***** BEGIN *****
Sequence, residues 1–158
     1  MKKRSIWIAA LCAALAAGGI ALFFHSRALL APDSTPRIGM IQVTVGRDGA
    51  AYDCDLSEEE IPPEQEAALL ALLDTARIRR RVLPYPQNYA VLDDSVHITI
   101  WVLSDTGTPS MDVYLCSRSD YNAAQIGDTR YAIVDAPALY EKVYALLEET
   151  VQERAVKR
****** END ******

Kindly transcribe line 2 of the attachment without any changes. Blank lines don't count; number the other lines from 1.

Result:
     1  MKKRSIWIAA LCAALAAGGI ALFFHSRALL APDSTPRIGM IQVTVGRDGA